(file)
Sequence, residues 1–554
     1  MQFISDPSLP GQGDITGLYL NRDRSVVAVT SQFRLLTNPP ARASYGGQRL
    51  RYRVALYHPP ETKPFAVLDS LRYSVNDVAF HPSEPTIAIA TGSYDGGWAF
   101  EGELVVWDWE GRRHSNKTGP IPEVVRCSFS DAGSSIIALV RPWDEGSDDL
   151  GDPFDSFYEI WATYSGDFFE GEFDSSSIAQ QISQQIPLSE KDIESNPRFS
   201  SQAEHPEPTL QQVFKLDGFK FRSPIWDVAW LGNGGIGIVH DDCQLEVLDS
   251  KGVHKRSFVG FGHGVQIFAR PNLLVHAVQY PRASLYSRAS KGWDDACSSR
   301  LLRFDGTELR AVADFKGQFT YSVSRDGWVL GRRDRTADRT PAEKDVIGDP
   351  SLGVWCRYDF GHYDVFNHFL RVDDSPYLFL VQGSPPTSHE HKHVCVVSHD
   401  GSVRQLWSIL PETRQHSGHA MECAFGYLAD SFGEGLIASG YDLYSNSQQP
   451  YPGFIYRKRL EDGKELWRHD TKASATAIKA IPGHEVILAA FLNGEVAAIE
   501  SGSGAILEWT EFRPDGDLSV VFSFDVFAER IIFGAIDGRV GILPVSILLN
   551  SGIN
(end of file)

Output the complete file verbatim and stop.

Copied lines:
Sequence, residues 1–554
     1  MQFISDPSLP GQGDITGLYL NRDRSVVAVT SQFRLLTNPP ARASYGGQRL
    51  RYRVALYHPP ETKPFAVLDS LRYSVNDVAF HPSEPTIAIA TGSYDGGWAF
   101  EGELVVWDWE GRRHSNKTGP IPEVVRCSFS DAGSSIIALV RPWDEGSDDL
   151  GDPFDSFYEI WATYSGDFFE GEFDSSSIAQ QISQQIPLSE KDIESNPRFS
   201  SQAEHPEPTL QQVFKLDGFK FRSPIWDVAW LGNGGIGIVH DDCQLEVLDS
   251  KGVHKRSFVG FGHGVQIFAR PNLLVHAVQY PRASLYSRAS KGWDDACSSR
   301  LLRFDGTELR AVADFKGQFT YSVSRDGWVL GRRDRTADRT PAEKDVIGDP
   351  SLGVWCRYDF GHYDVFNHFL RVDDSPYLFL VQGSPPTSHE HKHVCVVSHD
   401  GSVRQLWSIL PETRQHSGHA MECAFGYLAD SFGEGLIASG YDLYSNSQQP
   451  YPGFIYRKRL EDGKELWRHD TKASATAIKA IPGHEVILAA FLNGEVAAIE
   501  SGSGAILEWT EFRPDGDLSV VFSFDVFAER IIFGAIDGRV GILPVSILLN
   551  SGIN